While the July Days were meant to “end the revolution’s summer of discontent”, Kornilov had to deal with the ever increasing amounts of strikes and factory shutdowns from the working and lower classes. The amount of economic and social distress was starting to build more corruption within the government and was taking a toll on the food and fuel distribution systems that were essentially to fending off the encroaching German army.
Regarded as a hero because of his escape from a Hungarian POW (prisoner-of-war) camp in 1916, General Lavr Kornilov was appointed Supreme Commander of the Russian armed forces on July 18. He was immediately tasked with ending the revolutionary chaos. Kornilov believed that the Provisional Government led by Alexander Kerensky lacked the backbone and force needed to strike down the rebellions. His first means of business was to lead an attack on the Petrograd. With help from General Krymov who led the “Savage Division” and the Third Cavalry Corps, the plan was in action and supposed Kerensky’s approval, he proceeded to lead an army into Petrograd. Kerensky ended up seeing the coup d’etat happening and sacked Kornilov by calling in Soviet troops which happened to be primarily Bolshevik Red Guards. Kornilov ended up failing miserably and was arrested.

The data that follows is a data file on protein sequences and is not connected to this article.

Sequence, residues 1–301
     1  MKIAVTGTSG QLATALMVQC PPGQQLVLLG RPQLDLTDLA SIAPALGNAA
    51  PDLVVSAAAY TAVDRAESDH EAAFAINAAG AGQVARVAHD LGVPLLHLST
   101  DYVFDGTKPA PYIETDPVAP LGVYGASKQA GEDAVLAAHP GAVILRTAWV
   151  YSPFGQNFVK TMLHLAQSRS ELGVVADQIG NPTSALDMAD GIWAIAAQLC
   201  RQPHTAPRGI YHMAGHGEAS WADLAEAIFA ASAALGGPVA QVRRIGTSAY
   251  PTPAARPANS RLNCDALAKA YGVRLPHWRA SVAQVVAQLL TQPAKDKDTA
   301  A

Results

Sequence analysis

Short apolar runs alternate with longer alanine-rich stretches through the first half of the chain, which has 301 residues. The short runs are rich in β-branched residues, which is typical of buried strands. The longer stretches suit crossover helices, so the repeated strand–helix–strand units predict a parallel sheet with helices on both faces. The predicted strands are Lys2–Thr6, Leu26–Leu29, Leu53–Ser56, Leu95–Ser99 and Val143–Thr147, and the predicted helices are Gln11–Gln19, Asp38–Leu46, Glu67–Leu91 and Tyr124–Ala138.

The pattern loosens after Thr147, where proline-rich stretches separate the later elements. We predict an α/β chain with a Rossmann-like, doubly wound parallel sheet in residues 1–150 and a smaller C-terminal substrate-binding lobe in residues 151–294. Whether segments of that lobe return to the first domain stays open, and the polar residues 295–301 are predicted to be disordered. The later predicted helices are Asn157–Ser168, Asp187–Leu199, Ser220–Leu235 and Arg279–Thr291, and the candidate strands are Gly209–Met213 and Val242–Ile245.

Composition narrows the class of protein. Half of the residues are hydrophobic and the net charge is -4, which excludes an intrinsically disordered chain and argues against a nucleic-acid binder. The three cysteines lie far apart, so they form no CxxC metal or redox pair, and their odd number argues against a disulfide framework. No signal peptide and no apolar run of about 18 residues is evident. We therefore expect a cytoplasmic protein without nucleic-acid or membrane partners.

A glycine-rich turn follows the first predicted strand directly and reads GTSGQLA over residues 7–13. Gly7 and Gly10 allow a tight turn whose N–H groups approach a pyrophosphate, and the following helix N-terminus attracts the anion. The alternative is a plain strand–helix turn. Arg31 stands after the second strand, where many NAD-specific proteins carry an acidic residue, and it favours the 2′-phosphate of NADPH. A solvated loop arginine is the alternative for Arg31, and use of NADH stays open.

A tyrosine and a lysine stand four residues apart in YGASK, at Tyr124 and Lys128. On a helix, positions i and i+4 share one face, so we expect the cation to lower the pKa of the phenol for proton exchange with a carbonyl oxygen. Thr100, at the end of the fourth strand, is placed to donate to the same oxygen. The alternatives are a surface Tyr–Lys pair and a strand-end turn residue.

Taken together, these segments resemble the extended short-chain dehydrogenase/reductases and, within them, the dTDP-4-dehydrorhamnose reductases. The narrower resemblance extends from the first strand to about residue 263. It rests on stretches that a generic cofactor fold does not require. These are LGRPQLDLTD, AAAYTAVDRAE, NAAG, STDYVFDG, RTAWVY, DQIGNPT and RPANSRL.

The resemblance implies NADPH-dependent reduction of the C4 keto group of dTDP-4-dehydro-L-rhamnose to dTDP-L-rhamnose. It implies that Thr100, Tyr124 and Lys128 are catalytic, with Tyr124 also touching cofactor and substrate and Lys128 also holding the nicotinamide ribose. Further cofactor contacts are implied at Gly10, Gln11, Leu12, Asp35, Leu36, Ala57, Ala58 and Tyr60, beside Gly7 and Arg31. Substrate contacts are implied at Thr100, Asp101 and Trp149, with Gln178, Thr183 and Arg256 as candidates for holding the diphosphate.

Picture of the Red Guards after the defense of Petrogard. Provided by alphahistory.com
However, with the Kornilov Affairs, Kerensky was now hated by both sides; the left-wings believed he had been in league with Kornilov, and the Kornilov supporters now saw him as a traitor. The Kornilov Affairs also demonstrated perfectly how Kerensky was nervous and how inefficient and useless the Provisional Government was. When Kerensky called for the help of the Soviets and Red Guards, he had given the literally tools and ammunition that they needed to show where the power really was especially with the release of Bolshevik leaders. The Kornilov Affairs pushed the revolution further down the track and made it that much easier for the Bolsheviks to rise into power.